Bargaining, fairness, and price rigidity in a DSGE environment
A growing body of evidence suggests that an important reason why firms do not change prices nearly as much as standard theory predicts is out of concern for disrupting ongoing customer relationships because price changes may be viewed as "unfair". Existing models that try to capture this concern regarding price-setting are all based on goods markets that are fundamentally Walrasian. In Walrasian goods markets, transactions are spot, making the idea of ongoing customer relationships somewhat difficult to understand. We develop a simple dynamic general equilibrium model of a search-based ...
How Would US Banks Fare in a Negative Interest Rate Environment?
The effectiveness of negative interest rates as a monetary policy tool depends importantly on the response of the banking sector. This paper offers unique new insights for U.S. banks by using supervisory data to examine bank-level expectations regarding the impact of negative rates on profitability through net interest margins. The main results show that the largest U.S. banks differ significantly in how they respond to negative interest rates. The most significant channel of adverse exposure comes from the pass-through of the negative policy rate to interest rates on short-term liquid assets ...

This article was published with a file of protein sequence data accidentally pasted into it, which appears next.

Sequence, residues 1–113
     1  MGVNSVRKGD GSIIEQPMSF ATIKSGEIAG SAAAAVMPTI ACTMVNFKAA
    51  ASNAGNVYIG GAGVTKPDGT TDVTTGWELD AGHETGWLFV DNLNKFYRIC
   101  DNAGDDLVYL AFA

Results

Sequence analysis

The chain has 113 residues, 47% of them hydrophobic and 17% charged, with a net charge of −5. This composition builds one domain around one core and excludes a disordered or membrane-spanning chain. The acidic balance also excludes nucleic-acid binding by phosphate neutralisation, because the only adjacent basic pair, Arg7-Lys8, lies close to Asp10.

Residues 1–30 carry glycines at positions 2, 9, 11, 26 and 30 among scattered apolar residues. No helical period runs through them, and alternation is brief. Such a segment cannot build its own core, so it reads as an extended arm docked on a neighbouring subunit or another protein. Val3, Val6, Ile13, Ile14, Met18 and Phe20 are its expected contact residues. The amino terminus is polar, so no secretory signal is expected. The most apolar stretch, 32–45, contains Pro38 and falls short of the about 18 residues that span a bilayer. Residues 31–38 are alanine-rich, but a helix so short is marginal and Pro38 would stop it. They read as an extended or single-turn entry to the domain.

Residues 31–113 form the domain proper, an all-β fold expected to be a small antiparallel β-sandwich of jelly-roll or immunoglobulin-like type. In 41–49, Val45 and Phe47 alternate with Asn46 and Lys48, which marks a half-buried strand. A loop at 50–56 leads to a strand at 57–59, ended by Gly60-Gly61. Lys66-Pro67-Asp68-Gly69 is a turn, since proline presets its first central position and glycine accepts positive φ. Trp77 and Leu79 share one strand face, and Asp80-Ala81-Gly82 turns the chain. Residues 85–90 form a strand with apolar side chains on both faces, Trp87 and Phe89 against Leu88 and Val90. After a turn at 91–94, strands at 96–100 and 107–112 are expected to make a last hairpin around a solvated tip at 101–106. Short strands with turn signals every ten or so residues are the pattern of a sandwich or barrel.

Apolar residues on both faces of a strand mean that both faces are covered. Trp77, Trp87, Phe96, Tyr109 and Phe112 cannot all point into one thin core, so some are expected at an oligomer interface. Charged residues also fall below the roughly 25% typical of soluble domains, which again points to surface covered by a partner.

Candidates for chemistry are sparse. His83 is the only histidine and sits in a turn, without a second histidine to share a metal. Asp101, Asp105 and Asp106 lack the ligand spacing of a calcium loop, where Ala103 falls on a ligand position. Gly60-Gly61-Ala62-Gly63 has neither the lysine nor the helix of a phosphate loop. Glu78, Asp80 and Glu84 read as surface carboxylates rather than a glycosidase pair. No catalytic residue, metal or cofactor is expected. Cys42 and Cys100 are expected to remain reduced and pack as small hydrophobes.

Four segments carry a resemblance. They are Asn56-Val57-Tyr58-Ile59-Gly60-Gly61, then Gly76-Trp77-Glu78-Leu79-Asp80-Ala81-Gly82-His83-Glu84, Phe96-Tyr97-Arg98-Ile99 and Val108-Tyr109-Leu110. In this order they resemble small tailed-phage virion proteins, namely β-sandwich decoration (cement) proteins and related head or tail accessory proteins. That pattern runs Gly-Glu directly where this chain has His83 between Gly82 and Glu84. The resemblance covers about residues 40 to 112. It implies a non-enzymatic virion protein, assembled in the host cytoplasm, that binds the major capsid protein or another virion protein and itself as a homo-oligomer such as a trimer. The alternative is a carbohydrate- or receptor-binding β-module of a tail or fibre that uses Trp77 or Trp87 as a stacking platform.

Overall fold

Expectation traps in a New Keynesian open economy model
This paper illustrates that the introduction of a money demand distortion into an otherwise standard New Keynesian Open Economy model generates multiple discretionary equilibria. These equilibria arise in the form of expectations traps whereby the monetary authority is trapped into validating expectations of the private sector because failing to do so is costly. One implication of the model is that provided initial inflation expectations are sufficiently anchored the global Friedman rule emerges as an equilibrium under discretion. It is therefore a time-consistent outcome and hence fully ...